Live Video: Judiciary Hearing Opens Final Act Of Democrats' Trump Impeachment Saga
Wednesday could bring the beginning of the end to House Democrats' efforts to impeach President Trump.
The House Intelligence Committee completed what it called the fact-finding portion of the impeachment inquiry on Tuesday with the release of a report about the Ukraine affair and the subsequent vote to adopt it.
Now the curtain opens on a new act, one in which House Judiciary Committee Chairman Jerry Nadler, D-N.Y., and his members must decide on how to proceed based on what their colleagues have uncovered.
Nadler, his compatriots and their leader, House Speaker Nancy Pelosi, D-Calif., have said that impeachment isn't a foregone conclusion and that it depends on the outcome of their process.
Nadler has convened a hearing on Wednesday with a panel of four law professors because, he says, the members of the Judiciary Committee need to get a sense about the historic and legal context of impeachment and whether it may be merited in this case.
"This new phase of the inquiry will look different," said one staffer working on the impeachment inquiry. "With the transmittal of the report to the Judiciary Committee, this hearing will examine the constitutional framework put in place to address presidential misconduct."
To be sure, however, Democrats also are likely to restate, for TV audiences, the findings of the report unveiled on Tuesday by Intelligence Committee Chairman Adam Schiff, D-Calif. This case is as serious as it gets, Democratic staffers said ahead of Nadler's hearing.
"The president abused his power to advance his personal, political interests over our own national security interests," as another staffer said.
Republicans step up their defenses
The Judiciary Committee's ranking member, Doug Collins, R-Ga., and Trump's other Republican defenders have mocked and faulted Democrats' process thus far, calling it unfair and also groundless.
The Intelligence Committee's Republicans, led by Rep. Devin Nunes, R-Calif., released a minority report on Monday defending Trump in the Ukraine matter and accusing Democrats of simple political animus.
The White House, meanwhile, said on Tuesday that Schiff was no better than a "basement blogger" trying to find facts to fit his theories.
The administration isn't sending an attorney to take part and Trump's campaign said on Tuesday that Nadler's witnesses are "just left-wing liberals who have been talking about impeachment since President Trump took office."
"With witnesses like these, the Democrats' impeachment hearing will be nothing more than political theater," Trump's campaign said. "It's all part of their transparent attempt to overturn the results of the 2016 election and stop President Trump in 2020."
Collins also already has complained about how headlong and reckless he says Nadler has been moving ahead of Wednesday's session. Collins and Republicans are likely to use it to continue to try to undercut the process and mock what they've called Democrats' patchwork case.
In a fiery press conference Tuesday evening, House Republican leaders slammed Schiff and mocked him for not testifying.
House rules give Nadler and the Judiciary Committee the responsibility for assessing what, if any, articles of impeachment to draft against Trump.
Democrats could then use their majority on the panel to advance them to the floor of the full House, where, if a sufficient number of Democrats lent their support, Trump could become just the third sitting president in history to be impeached.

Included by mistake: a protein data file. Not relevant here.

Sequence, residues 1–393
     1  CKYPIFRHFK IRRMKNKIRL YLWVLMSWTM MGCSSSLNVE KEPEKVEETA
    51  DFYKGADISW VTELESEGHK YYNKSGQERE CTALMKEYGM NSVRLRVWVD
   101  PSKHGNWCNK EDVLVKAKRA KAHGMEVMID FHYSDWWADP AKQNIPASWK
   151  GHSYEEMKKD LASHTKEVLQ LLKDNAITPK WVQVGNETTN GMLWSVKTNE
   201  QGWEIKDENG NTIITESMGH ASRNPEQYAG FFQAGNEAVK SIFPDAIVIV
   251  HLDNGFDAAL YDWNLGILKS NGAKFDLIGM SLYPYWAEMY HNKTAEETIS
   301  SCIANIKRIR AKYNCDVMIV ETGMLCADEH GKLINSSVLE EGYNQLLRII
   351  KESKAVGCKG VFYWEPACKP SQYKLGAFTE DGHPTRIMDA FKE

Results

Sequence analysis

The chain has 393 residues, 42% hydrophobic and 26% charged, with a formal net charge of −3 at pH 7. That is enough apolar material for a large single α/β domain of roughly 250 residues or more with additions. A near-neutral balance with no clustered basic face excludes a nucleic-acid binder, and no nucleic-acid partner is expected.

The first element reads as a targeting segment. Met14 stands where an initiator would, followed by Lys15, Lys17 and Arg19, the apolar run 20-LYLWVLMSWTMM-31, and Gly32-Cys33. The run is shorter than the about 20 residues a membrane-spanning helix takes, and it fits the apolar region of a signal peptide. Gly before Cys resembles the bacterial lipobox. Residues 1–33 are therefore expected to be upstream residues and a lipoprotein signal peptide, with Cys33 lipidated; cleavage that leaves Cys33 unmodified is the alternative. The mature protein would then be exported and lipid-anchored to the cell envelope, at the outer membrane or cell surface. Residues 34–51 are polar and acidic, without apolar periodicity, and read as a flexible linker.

That is the equivalent of an indictment by a grand jury — a statement by the House that it considers there to be enough evidence for Trump to stand trial in the Senate.
Republicans, led by Trump ally Majority Leader Mitch McConnell, R-Ky., control the upper chamber and are expected to acquit the president, permitting him to retain his office.
Nadler and Democrats can see what's ahead for this process the same as anyone. But impeachment is worth doing, they've argued, because it sends a message about what Congress will not tolerate and it forces senators to go on the record defending Trump's actions in the Ukraine affair.
Impeachment is a quasi-legal but mostly political process. Pelosi, Nadler and their compatriots are balancing this as they decide what kind of case to make against Trump.
Should it be narrowly constructed around the facts of the House Ukraine investigation? Or should it be a broader case that reflects more about what Democrats argue has been improper behavior by Trump?
Given that House Democrats likely cannot remove Trump, the question they must ask themselves is what will do him the most political damage and themselves the least damage, mindful about the election next year.
Pelosi and Nadler may have answered these questions already for themselves, but the public aspect of that process, at least, is what is scheduled to get underway on Wednesday.
The hearing also will mark Nadler's return to the spotlight after months in center stage for Schiff and the House Intelligence Committee. But Nadler was an early convert on impeachment and insisted earlier this year that his committee was pursuing an impeachment case even before the imprimatur given by the vote of most other Democrats in November.
In that earlier phase, Nadler sought to exploit some of the findings of former Justice Department special counsel Robert Mueller, including those that Democrats have said amount to obstruction of justice by Trump.
The chairman's interest in that thread, which also has involved litigation by the House against Trump and the Justice Department involving evidence from Mueller and other matters, may mean the question isn't settled as to whether Nadler might favor a broad indictment of Trump that takes elements from the Russia investigation — or focuses closely on Schiff's report.
- NPR congressional reporter Claudia Grisales contributed to this report.